Stick the landing with the proper ‘pilot’

Providing a heat transfer solution companies can touch and believe in

Author: Jamie Zachary

The indirect heating, cooling and drying of bulk solids has unique and specialized considerations. Whether handling NPK or potash, coffee or cocoa, canola or soybean, each product can behave quite differently based on its physical properties, the process conditions, equipment and intended result.

Meanwhile, new opportunities are leading to constant innovation in bulk solids thermal exchange as companies such as Solex Thermal Science explore bold and undiscovered frontiers – from battery powder to peanuts and sunflowers to lignin.

“There really are no textbook calculation procedures for the type of heating, cooling and drying that Solex provides with its equipment, so pilot testing is often a necessity to ensure the commercial equipment performs as needed,” says Caroline Richard, Senior Process Engineer at Solex Thermal Science.

The point of pilot tests

Pilot test blog 01When navigating the known or unknown, certainty is a commodity that is worth its weight in gold. Pilot testing not only ensures productivity and performance objectives can be met, but also demonstrates a solution that people can “touch” first-hand, says Richard.

“Pilot testing proves we’re in control,” says Richard, who has conducted dozens of site-specific pilot tests on behalf of clients in Europe, Russia, Africa and North and South America. “And seeing is believing. Take potash, for example. It comes into our exchangers piping hot. Yet during a pilot test, customers can catch it in their hand at the outlet because it’s at room temperature. They almost don’t believe it.”

Richard notes on-site pilot tests are the most effective way to prove operability, productivity and performance objectives in the field under realistic process conditions.

The units themselves must be representative of the end solution. Solex uses pilot units that feature the same type of pillow plates, hoses, spring assemblies, manifolds, casings and discharge feeders that you would find on its larger exchangers.

Solex also typically brings its own module for the heating and cooling of the heat transfer fluid. This allow technicians to modify the operating temperatures and show customers the impact on solids heat transfer.

How does it work?

1. In the beginning . . . The piloting process is typically kicked off with a series of technical conversations focused on identifying the product, what’s being done with it, as well as to understand the set-up and operating conditions for the test. Questions could also include how the pilot will tie into the production line? What will be done with the water? How long should the test last? What process goal does the customer ultimately want to achieve?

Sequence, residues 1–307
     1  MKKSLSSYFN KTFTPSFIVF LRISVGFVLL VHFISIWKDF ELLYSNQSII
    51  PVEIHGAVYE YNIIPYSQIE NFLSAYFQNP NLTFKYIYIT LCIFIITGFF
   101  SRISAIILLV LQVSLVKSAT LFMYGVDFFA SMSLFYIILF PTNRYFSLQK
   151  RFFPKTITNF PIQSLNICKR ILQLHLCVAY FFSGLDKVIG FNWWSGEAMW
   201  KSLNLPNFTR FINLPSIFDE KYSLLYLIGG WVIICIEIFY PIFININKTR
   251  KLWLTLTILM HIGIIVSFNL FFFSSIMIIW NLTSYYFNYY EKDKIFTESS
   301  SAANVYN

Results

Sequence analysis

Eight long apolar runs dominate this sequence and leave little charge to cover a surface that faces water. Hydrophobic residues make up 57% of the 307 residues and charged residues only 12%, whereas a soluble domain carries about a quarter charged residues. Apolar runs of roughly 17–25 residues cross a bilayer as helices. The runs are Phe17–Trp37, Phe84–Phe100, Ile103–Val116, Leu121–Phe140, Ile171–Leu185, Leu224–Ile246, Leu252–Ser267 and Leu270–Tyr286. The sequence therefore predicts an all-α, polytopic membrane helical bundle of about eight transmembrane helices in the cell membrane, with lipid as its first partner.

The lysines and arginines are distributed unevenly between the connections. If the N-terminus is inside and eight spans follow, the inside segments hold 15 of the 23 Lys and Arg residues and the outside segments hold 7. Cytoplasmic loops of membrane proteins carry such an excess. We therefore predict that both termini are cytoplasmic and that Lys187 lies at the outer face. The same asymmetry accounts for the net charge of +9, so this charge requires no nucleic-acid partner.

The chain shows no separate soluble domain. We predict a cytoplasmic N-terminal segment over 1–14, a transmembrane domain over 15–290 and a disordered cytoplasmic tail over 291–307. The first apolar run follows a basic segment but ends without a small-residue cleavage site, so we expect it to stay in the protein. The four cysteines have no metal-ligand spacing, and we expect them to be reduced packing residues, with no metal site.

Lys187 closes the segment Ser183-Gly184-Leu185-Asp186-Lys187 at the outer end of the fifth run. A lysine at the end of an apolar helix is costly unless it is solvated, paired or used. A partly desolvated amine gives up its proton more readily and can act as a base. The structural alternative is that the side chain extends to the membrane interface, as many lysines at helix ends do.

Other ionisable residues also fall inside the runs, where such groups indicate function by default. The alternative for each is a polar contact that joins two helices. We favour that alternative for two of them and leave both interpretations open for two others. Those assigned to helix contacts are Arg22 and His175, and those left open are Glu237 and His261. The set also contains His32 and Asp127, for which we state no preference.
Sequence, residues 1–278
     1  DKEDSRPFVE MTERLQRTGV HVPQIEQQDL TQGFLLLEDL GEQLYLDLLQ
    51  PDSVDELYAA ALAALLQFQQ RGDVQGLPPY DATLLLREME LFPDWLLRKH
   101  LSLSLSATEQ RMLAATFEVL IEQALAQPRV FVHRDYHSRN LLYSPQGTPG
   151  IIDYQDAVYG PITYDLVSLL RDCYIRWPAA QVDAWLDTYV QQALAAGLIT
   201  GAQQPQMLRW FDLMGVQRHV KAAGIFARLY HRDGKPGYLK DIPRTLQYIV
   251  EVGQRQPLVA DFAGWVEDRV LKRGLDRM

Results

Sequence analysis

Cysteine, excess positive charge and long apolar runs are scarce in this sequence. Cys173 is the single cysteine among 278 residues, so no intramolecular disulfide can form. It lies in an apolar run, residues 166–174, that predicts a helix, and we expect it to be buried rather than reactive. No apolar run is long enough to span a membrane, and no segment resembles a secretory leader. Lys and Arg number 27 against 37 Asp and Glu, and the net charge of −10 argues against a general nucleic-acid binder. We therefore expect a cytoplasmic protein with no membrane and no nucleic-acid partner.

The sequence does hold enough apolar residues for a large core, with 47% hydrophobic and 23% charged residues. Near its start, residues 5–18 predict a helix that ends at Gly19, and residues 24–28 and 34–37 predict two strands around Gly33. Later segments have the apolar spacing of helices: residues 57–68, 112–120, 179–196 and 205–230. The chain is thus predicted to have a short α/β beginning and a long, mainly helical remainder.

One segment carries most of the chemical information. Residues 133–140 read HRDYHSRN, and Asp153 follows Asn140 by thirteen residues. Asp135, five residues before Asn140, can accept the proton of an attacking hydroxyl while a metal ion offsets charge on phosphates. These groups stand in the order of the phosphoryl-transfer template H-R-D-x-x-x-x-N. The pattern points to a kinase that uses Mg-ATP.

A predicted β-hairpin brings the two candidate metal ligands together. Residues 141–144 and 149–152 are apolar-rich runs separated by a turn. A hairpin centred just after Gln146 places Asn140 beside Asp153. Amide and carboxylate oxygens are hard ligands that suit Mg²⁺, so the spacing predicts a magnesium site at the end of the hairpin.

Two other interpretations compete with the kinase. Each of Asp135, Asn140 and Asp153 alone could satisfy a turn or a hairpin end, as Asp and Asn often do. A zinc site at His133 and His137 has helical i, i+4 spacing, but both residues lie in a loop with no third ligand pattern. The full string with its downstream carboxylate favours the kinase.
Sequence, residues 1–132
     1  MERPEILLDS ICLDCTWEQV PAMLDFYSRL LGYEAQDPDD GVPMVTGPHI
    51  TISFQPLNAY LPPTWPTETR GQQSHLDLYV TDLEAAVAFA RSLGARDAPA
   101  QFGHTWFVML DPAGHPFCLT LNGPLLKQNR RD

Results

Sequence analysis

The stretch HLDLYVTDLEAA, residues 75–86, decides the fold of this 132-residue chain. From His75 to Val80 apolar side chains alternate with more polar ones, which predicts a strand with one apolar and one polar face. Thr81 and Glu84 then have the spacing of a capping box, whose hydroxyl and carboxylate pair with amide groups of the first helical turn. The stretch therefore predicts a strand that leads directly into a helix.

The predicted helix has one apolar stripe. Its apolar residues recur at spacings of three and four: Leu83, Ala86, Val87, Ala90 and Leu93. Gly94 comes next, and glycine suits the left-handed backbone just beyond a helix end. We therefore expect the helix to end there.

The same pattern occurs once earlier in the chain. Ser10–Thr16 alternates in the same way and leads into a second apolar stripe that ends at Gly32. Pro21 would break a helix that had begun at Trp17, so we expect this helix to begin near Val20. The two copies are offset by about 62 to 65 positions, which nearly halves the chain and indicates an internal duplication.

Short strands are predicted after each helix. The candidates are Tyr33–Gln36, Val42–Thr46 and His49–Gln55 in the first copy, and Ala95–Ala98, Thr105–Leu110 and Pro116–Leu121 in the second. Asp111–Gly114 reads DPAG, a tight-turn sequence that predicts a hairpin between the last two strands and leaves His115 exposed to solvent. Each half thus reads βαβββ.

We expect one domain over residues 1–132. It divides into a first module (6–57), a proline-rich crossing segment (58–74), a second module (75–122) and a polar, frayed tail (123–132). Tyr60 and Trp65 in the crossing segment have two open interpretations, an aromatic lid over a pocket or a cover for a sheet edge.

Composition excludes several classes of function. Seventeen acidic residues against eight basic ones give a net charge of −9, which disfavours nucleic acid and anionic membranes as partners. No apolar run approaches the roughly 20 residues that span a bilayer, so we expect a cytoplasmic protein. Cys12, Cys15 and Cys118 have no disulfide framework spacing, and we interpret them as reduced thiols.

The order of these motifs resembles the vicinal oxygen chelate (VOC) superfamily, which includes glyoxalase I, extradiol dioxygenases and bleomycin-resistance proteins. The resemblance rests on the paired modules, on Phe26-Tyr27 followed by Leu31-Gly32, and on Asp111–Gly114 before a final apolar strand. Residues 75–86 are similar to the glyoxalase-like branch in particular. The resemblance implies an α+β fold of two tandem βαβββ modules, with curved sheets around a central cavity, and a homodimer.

2. Setting up: Next, the equipment is prepared specifically to meet the test objectives and shipped to the site. With Solex, Richard says the company typically wants one of its subject matter experts there to assist with set-up, which could take anywhere from a day to a week.

3. The outer limits: Before being ready to accept product, the SMEs on site also want to determine the limits – for example, throughput maximums or water temperature before caking appears.

4. Ready for action: Once the pilot unit is turned on, it should be allowed to operate for upward of 48 hours. The goal here, is to prove continuous, problem-free production, says Richard. “We’re not going after a perfect 20-minute run. We want to see the unit running perfectly for at least two days.”

Determining the objectives

Pilot test blog 02Richard says a proper pilot test should be about more than just proving a concept and getting an understanding of the needs for a commercial unit. It should also be an opportunity to train on-site staff on:

1. How to operate an indirect heat exchanger.

2. Troubleshoot scenarios such as controlling the caking mechanism, the importance of temperature control or tying into the dust-collection system.

“We try to cover not just continuous operations, but make sure everyone is comfortable with indirect heat exchange technology in all circumstances,” says Richard, noting the most often question centres around maintenance requirements. This is an easy one to answer though, says Richard, as Solex heat exchangers typically require little to no maintenance.

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Did you know that Solex is a global leader in bulk solids heat transfer technology with extensive experience handling many different applications in diverse operating conditions? In addition to on-site testing, we can also conduct in-lab pilot testing and product analysis to determine material flow characteristics of certain applications.

Contact Solex today to have us conduct on-site or in-lab pilot testing based on your needs, familiarity, level of comfort and budget.  


This entry was last updated on August 7, 2020


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